This grief takes place when you are aware that you will suffer an imminent loss, but it hasn’t taken place yet. The difference between this and other types of grief is that in anticipatory grief the feelings tend to be much more ambivalent and unstable. Since the person is still around, the mourners may alternate between closeness and distance. They want to feel the presence of that person for the last time. But at the same time, they fear the attachment that this generates. In these cases, the best thing to do is express your feelings openly and directly with the person that will be departing.
This is a kind of grief in which the person affected blocks their feelings. They try to act as if nothing is happening. In fact, if it is brought up, they don’t give it any more importance than any other issue. In this type of case, what’s being applied is a mechanism of denial. The impact is so strong, that the person doesn’t feel capable of confronting it. That’s why they focus on other aspects of their life. The problem is that the hidden sorrow always returns. Be it in the form of irritability, anxiety or a physical illness, among others.
Chronic grief presents itself when someone fails to work through the loss of a loved one. One way or another, they refuse to accept what has happened. Instead, they focus obsessively on keeping alive the memory of the person that has departed. They end up paralyzing their life and constantly maintaining a stance of pain. People with depressive tendencies are more likely to settle into this type of grief, which can also turn into a way of life. It is characterized by anxiety, sadness and guilt, as well as a sensation of impotence and disillusion. This type of grief requires professional help.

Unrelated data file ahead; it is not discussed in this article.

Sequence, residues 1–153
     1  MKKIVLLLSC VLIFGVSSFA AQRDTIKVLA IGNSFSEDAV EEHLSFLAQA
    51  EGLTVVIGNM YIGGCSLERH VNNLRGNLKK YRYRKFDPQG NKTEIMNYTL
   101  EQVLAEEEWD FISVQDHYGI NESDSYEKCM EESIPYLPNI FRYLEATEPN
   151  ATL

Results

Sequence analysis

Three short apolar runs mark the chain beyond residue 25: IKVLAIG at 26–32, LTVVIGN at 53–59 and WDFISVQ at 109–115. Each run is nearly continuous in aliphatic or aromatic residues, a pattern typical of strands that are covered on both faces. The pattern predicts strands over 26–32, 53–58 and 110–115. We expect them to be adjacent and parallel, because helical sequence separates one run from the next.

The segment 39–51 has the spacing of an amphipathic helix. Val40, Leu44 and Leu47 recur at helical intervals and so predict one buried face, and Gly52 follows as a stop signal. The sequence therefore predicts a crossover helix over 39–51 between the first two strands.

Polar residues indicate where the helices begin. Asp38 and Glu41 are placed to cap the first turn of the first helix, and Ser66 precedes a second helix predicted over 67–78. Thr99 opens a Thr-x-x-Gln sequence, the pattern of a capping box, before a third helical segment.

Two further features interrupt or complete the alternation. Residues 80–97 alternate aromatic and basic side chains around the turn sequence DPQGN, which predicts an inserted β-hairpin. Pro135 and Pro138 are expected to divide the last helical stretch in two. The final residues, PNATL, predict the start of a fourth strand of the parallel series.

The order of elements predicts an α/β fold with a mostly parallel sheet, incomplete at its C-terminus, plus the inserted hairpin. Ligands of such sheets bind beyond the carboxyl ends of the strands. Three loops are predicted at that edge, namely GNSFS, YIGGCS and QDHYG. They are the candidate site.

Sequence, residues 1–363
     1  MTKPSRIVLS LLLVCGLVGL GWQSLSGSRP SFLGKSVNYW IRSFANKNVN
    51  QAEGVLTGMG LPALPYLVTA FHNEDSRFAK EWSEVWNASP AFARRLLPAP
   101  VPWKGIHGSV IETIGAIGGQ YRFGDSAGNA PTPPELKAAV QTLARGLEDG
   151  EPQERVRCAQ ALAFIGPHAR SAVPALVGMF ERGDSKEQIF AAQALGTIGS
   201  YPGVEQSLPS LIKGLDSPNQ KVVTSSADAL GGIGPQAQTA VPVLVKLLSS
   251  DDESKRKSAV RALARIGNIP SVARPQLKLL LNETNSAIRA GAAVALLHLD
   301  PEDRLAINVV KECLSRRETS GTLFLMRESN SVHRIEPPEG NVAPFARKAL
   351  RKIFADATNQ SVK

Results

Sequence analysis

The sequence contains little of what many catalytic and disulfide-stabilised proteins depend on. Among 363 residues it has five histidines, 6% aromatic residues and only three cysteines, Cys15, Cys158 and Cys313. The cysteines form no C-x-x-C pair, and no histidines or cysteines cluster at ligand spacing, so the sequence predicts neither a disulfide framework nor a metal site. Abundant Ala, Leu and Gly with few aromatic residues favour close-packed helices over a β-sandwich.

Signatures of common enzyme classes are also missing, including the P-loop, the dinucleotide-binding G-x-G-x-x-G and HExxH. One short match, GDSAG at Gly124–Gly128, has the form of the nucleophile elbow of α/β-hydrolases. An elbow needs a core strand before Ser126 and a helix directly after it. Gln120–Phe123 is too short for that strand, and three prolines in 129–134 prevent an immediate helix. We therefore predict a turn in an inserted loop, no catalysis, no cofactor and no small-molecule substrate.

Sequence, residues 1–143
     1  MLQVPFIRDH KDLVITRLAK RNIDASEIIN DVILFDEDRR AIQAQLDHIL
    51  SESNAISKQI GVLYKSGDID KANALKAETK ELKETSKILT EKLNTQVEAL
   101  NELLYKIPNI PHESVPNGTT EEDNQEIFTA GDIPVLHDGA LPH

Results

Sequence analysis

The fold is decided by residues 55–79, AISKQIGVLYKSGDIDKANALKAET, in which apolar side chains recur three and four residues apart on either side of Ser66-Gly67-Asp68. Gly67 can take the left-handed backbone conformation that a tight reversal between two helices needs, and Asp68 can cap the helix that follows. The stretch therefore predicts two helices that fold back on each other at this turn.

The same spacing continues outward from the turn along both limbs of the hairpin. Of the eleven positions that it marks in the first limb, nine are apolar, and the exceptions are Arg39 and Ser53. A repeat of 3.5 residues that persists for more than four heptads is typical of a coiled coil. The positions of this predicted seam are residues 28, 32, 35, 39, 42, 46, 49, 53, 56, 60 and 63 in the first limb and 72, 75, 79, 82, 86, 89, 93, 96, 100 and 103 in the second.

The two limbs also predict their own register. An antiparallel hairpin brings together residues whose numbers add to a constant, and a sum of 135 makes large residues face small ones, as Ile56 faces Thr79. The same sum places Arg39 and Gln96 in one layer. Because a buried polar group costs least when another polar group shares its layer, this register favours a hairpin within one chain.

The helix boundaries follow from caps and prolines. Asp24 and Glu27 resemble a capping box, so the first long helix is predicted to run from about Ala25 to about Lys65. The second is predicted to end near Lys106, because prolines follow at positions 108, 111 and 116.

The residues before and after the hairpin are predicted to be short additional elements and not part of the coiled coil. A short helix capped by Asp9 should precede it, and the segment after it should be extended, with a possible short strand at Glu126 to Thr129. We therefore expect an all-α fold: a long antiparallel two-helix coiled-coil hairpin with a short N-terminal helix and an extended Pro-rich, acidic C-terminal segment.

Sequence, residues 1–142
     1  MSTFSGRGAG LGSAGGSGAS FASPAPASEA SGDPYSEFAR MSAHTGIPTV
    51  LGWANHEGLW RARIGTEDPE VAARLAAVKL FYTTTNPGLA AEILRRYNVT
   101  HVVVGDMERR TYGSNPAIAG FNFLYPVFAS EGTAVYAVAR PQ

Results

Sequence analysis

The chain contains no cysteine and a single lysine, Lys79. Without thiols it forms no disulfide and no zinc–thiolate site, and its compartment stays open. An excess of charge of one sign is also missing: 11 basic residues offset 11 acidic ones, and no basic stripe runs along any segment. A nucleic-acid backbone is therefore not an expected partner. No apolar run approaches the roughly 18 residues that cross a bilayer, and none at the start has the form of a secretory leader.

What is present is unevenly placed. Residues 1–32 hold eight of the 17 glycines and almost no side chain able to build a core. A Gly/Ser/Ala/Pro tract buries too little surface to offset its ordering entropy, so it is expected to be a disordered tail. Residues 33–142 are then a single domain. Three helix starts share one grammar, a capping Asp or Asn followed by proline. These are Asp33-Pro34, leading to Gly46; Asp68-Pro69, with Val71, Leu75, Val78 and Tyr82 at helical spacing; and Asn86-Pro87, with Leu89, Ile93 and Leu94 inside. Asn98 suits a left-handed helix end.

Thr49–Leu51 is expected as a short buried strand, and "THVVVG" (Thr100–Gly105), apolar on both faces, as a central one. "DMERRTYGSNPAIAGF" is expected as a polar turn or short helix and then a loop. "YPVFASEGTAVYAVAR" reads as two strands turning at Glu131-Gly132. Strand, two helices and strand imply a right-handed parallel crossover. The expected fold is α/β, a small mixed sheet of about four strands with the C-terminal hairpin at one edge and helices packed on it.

This is, usually, an effect of absent grief. Although at first the person tries to ignore their pain, after a while, it reemerges with great force and maybe in the least expected moment. Sometimes several years can even go by before this type of mourning begins. It could also happen that someone can’t experience grief in the moment in which they experience the loss, due to special conditions. For example, a demanding work commitment or a pressing family situation. The postponed pain appears later on and presents some complications since, now, it has to be experienced alone.
This type of grief is experienced by people who have great difficulty expressing their feelings. In the case of children, for example, who can’t seem to put into words everything that this situation represents. In many occasions, adults ignore their pain and don’t help them overcome it. Adults simply think that “children just don’t understand”. The process of mourning is also inhibited in the case of people with some kind of cognitive disability. Or in situations such as a father or mother, who try to stay strong in order to not affect their kids. Or simply, when someone is very reserved and doesn’t have the opportunity to talk about what they are feeling. In any case, the inhibition translates into obsessions, constant depression, anxiety, etc.
In unauthorized grief, the environment or the person’s surroundings manifest a rejection towards the pain they are experiencing. Sooner or later, others always try to overrule grief at some point because, for someone who hasn’t lived through this suffering, what the mourner should do is let go and move on with their life. However, there are specific situations in which mourning is openly disowned from the very beginning… Sometimes this can also apply to the death of a pet. Since it generates a great deal of pain, but others will tend to disqualify that type of suffering.